Starting with lifespan, LG has stated in the past that a user would have to watch one of its OLED TVs for ‘five hours a day for 54 years’ to see a 50% degradation in brightness. Unfortunately, there’s no way to corroborate these claims as OLED panels have only been around since 2013.

Furthermore, OLEDs have the constant risk of burn-in over time – a factor QLED panels don’t have to worry about at all. Burn-in is when an image is constantly burnt into the pixels of an OLED TV, destroying the visual experience and overall picture quality the OLED TV can produce.

Despite OLED TV manufacturers developing methods to try and counter these annoying shortcomings, they’re still a risk every OLED TV owner has to worry about. LG pay particular attention to the care of the panel in their latest OLED TV series (C2 range) – showcasing a tonne of ‘OLED Care’ options to reduce the chances of burn-in.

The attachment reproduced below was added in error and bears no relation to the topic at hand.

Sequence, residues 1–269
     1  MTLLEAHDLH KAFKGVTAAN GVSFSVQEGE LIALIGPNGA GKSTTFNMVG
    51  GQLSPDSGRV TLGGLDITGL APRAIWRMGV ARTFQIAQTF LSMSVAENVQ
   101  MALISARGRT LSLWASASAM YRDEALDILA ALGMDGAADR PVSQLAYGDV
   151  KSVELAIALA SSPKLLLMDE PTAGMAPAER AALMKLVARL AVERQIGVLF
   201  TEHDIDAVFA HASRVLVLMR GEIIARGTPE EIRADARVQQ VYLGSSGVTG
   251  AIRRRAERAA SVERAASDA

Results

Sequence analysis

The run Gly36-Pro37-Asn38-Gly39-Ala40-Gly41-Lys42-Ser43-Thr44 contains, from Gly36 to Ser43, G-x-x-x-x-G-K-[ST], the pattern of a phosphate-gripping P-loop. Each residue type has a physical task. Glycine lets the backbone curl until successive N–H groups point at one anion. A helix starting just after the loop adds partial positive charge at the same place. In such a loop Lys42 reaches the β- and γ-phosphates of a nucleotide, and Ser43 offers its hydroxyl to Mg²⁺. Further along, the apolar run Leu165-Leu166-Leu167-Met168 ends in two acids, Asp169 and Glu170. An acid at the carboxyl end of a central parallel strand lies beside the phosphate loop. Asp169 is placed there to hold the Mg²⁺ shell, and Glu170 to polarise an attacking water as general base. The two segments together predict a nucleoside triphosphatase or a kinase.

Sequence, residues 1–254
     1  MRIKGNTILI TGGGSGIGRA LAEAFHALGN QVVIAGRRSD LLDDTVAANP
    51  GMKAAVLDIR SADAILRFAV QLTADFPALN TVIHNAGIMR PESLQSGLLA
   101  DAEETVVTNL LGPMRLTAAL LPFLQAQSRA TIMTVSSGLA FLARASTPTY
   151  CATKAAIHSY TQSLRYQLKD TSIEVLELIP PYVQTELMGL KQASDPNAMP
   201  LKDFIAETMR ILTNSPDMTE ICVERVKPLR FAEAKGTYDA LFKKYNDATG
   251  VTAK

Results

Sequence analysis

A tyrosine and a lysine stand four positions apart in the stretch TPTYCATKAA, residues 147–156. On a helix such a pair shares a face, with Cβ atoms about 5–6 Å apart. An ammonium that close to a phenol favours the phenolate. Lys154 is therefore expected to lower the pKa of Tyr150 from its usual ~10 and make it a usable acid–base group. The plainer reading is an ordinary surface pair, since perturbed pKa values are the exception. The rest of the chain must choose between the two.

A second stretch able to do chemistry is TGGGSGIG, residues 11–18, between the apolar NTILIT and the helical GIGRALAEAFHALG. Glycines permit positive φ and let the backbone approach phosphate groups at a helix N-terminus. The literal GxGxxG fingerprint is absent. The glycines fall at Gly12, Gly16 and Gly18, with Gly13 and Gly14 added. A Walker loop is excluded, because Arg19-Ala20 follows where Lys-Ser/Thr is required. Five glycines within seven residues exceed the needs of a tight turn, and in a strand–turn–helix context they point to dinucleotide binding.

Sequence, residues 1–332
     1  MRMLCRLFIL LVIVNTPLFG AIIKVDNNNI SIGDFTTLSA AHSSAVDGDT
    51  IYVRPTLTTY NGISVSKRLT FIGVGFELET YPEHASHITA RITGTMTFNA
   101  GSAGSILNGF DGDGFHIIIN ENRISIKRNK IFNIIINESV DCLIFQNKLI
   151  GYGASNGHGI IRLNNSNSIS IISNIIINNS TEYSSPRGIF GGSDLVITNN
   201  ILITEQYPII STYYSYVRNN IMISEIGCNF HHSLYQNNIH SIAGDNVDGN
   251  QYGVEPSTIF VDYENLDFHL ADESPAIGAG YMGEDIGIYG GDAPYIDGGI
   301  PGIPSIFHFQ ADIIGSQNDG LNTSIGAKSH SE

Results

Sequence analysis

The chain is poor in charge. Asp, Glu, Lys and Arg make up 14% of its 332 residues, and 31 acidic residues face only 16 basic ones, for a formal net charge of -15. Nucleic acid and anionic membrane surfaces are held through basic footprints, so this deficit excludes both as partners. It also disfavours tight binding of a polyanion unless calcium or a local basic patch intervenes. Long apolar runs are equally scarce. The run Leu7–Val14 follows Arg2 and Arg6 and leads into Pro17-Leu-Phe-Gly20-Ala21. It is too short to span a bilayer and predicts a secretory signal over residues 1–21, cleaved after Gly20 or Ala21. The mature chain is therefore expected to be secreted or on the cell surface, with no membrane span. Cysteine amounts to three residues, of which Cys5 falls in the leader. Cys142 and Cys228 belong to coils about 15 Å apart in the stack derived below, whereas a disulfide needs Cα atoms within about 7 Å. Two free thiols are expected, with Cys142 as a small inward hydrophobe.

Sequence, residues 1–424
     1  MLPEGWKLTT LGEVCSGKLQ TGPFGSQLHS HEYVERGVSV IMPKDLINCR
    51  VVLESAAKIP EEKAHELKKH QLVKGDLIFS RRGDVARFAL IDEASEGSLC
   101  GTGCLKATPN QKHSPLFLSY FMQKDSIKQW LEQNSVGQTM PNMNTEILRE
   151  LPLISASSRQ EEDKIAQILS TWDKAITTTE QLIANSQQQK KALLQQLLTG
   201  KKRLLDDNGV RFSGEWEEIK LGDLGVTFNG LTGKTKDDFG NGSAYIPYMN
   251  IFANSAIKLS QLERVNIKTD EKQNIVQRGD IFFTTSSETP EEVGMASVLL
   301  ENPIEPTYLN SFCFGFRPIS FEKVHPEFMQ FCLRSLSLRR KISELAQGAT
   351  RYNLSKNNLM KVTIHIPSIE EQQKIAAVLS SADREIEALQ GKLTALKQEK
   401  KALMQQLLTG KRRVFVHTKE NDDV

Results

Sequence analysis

By contrast, QLED TVs are even newer – meaning the life expectancy is equally unknown. That said, thanks to the LED backlight technology that sits at the heart of every QLED TV, we’d be incredibly confident to say that QLED TVs will outlive OLEDs. LED backlights have an extensive track record when it comes to reliability, with very few issues surrounding the longevity of their design.

All things considered, there is only one winner here – and that’s QLED.


Lastly, we have price. Price is hugely important when it comes to any hardware purchase – even more so when you’re potentially investing thousands of dollars in a product.